Where are all the climate change games? Locating digital games’ response to climate change

Central Queensland University
Publication Type:
Journal Article
Transformations, 2017, 30 pp. 74 - 94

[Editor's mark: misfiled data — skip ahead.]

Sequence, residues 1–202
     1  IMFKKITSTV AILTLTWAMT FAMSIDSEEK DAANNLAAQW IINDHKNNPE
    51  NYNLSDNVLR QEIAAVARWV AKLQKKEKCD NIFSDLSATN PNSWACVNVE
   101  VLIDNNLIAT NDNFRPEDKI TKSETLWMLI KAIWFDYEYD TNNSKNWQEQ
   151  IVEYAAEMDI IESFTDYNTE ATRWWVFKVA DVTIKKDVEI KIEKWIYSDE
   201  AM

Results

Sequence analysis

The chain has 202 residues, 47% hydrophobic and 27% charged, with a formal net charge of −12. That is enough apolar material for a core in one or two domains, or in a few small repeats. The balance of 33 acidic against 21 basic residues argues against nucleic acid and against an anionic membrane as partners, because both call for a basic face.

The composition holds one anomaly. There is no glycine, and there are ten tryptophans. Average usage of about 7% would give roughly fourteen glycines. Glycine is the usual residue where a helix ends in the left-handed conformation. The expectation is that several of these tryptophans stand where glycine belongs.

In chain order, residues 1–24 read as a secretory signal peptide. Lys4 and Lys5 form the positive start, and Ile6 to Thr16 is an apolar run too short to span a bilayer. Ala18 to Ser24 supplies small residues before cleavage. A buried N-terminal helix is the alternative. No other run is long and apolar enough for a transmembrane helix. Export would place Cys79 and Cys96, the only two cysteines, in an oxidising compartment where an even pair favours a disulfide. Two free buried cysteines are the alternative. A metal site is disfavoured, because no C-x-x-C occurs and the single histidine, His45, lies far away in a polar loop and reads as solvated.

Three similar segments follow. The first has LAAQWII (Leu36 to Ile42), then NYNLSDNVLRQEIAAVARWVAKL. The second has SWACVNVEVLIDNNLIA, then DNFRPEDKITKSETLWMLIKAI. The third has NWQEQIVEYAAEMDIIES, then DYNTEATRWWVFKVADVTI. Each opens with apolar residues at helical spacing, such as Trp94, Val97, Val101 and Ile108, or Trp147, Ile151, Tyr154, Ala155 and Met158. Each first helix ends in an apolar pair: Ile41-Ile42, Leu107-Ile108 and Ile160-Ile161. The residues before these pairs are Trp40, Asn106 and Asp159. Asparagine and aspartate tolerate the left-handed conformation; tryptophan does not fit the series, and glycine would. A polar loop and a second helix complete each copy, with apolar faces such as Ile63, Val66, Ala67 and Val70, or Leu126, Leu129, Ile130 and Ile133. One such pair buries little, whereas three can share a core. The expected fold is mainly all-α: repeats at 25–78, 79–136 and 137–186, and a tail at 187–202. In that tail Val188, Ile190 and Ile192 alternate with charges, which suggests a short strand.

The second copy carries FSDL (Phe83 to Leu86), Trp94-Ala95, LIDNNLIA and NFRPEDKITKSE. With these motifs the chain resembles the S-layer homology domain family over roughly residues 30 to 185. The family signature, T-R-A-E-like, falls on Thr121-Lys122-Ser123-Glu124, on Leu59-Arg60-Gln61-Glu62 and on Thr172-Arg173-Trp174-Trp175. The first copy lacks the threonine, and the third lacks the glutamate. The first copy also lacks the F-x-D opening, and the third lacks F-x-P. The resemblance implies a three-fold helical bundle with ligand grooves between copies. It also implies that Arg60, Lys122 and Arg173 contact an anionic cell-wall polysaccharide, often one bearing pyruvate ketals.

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The burgeoning genre of climate fiction, or “cli-fi,” in literature and the arts has begun to attract both scholarly and popular attention. It has been described as “potentially [having] crucial contributions to make toward full understanding of the multiple, accelerating environmental challenges facing the world today” (Buell). Implicitly, these works confront the current orthodoxy about where exactly the issue of climate change sits in domains of knowledge. As Jordan notes: “climate change as ‘nature” not culture is still largely perceived as a problem for the sciences alongside planning, policy, and geography” (Jordan 8). In this paper we ask where is, or alternatively what could climate fiction look like within the field of digital games? Even a passing familiarity with the cultural output of the mainstream game industry reveals the startling omission of the issue – with very few games telling stories that engage with climate change and the unfolding ecological crisis (Abraham “Videogame Visions”). Finding a relative dearth of explicit engagement, this paper offers an alternative engagement with climate change in games by focussing on the underlying ideas, conceptions and narratives of human-environment relationships that have been a part of games since their earliest incarnations. We argue that it is possible to read games for particular conceptualisations of human relationships to nature, and offer a description of four highly prevalent “modes” of human-environment engagement. We describe and analyse these relationships for their participation in or challenge to the same issues and problems that undergird the current ecological crisis, such as enlightenment narratives of human mastery and dominion over the earth.
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